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    ABSTRACT: Measurement studies on the Internet topology show that connectivities of nodes exhibit power-law attribute, but it is apparent that only the degree distribution does not determine the network structure, and especially true when we study the network-related control like routing control. In this paper, we first reveal structures of the router-level topologies using the working ISP networks, which clearly indicates ISP topologies are highly clustered; a node connects two or more nodes that also connected each other, while not in the existing modeling approaches. Based on this observation, we develop a new realistic modeling method for generating router-level topologies. In our method, when a new node joins the network, the node likely connects to the nearest nodes. In addition, we add the new links based on the node utilization in the topology, which corresponds to an enhancement of network equipments in ISP networks. With appropriate parameters, important metrics, such as the a clustering coefficient and the amount of traffic that pass through nodes, exhibit the similar value of the actual ISP topology while keeping the degree distribution of resulting topology to follow power-law. We then apply the routing control method to the ISP topologies and show that the optimal routing method gives much smaller maximum link utilization (about 1/3) compared with the minimum hop routing which is often used in the operating networks. Accordingly, we examine a heuristic routing method suitable to the ISP topologies with consideration of technology constraints of IP routers. The evaluation results show that our modeling method can be actually used for evaluations on routing control.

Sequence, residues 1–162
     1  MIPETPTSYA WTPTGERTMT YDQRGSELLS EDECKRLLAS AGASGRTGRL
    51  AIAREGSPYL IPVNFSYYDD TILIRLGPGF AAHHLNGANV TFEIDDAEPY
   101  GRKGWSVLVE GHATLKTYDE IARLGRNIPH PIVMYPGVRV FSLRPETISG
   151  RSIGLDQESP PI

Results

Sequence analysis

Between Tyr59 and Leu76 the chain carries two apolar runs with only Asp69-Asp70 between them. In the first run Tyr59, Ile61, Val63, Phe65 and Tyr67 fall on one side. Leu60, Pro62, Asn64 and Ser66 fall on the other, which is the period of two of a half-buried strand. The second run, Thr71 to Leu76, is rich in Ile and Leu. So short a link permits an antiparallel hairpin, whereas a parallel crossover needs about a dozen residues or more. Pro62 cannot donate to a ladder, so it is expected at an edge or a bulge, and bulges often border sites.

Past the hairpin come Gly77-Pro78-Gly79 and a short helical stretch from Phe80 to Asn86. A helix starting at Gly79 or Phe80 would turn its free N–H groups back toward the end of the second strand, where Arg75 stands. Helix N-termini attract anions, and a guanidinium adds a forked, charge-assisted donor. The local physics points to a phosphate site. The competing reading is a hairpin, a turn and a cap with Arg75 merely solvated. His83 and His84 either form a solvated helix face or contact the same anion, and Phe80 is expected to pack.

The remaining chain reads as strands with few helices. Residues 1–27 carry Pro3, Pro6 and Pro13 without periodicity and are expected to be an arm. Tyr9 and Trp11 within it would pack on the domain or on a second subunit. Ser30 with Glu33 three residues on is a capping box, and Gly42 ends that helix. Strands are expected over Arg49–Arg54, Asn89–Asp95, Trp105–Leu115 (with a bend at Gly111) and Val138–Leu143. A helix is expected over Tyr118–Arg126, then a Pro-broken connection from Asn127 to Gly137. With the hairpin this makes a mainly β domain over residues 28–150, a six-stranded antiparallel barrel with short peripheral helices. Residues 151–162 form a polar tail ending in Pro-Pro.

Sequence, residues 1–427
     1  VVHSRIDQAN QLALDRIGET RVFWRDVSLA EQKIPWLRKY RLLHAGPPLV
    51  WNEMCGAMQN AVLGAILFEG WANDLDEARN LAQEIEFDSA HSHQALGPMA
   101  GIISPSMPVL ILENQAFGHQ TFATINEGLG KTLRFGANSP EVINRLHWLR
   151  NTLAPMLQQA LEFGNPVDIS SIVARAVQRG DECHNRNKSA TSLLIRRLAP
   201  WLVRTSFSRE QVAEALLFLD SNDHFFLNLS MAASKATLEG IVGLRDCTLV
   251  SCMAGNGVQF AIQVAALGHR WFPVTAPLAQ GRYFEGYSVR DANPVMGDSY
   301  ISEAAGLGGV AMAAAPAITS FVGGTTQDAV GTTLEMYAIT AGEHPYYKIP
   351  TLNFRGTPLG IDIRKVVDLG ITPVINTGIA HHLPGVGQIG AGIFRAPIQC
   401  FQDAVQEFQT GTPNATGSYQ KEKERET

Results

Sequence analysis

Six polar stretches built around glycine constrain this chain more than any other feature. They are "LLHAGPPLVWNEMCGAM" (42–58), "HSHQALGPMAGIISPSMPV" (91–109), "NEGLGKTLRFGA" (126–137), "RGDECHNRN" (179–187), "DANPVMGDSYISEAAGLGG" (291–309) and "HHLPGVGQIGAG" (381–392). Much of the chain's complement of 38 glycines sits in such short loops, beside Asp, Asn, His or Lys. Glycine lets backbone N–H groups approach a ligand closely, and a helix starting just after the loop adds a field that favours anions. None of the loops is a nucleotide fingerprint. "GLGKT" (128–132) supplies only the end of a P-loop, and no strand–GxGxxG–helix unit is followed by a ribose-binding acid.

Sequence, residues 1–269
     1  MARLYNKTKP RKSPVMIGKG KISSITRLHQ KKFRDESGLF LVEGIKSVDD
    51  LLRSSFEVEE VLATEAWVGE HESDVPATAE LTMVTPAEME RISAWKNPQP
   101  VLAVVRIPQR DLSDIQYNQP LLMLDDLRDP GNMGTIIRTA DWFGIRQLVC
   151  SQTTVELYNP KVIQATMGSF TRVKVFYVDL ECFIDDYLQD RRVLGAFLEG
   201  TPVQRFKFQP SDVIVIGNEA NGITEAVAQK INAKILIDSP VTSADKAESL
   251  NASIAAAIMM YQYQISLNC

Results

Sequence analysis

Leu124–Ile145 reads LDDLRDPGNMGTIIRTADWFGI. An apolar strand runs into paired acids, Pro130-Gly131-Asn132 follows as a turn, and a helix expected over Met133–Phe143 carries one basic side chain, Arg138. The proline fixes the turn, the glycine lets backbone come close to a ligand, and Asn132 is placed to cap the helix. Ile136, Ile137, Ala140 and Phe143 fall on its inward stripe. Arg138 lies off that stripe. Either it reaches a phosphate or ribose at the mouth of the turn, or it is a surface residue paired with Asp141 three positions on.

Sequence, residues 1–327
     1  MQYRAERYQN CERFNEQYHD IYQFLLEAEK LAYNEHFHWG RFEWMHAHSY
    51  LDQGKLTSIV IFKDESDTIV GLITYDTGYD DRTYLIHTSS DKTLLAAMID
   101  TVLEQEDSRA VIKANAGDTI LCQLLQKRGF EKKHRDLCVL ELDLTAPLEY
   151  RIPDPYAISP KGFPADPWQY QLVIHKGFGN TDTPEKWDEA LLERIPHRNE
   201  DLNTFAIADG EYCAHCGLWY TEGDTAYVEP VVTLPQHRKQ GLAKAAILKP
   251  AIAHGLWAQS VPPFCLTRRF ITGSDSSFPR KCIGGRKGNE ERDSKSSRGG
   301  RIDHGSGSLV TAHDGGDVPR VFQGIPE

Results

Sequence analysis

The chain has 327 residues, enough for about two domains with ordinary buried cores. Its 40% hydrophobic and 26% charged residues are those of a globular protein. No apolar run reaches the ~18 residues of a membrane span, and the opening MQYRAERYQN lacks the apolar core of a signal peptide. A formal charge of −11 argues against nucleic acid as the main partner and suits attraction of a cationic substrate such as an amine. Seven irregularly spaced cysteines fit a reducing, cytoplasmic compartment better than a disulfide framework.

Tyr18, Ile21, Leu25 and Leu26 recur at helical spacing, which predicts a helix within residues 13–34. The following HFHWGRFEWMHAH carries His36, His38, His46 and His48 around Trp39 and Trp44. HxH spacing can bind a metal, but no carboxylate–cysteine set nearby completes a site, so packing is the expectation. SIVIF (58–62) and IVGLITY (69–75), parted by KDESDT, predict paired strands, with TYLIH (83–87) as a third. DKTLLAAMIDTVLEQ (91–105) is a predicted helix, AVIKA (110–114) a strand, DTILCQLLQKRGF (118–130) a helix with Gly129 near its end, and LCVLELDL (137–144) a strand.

No preview · Article · May 2012 · Computer Communications

Publication Stats

2k Citations
88.79 Total Impact Points


  • 1995-2015
    • Osaka University
      • • Department of Information and Communications Technology
      • • Graduate School of Engineering
      • • Department of Information Systems Engineering
      Suika, Ōsaka, Japan
    • Kinki University
      • Department of Electric and Electronic Engineering
      Ōsaka, Ōsaka, Japan
  • 2007
    • Osaka City University
      • Graduate School of Engineering
      Ōsaka, Ōsaka, Japan
  • 1986-2007
    • Kyoto University
      • • Department of Systems Science
      • • Department of Applied Mathematics and Physics
      • • Graduate School of Informatics
      Kioto, Kyōto, Japan
  • 1999-2006
    • Kyushu Institute of Technology
      • Faculty of Computer Science & Systems Engineering
      Kitakyūshū, Fukuoka, Japan
  • 1997-1998
    • The University of Tokushima
      • Department of Information Science and Intelligent Systems
      Tokusima, Tokushima, Japan
    • Hitachi Cable, Ltd.
      Edo, Tōkyō, Japan
  • 1996
    • Nara Institute of Science and Technology
      • Graduate School of Information Science
      Ikuma, Nara, Japan
    • University of California, Irvine
      • Department of Computer Science
      Irvine, California, United States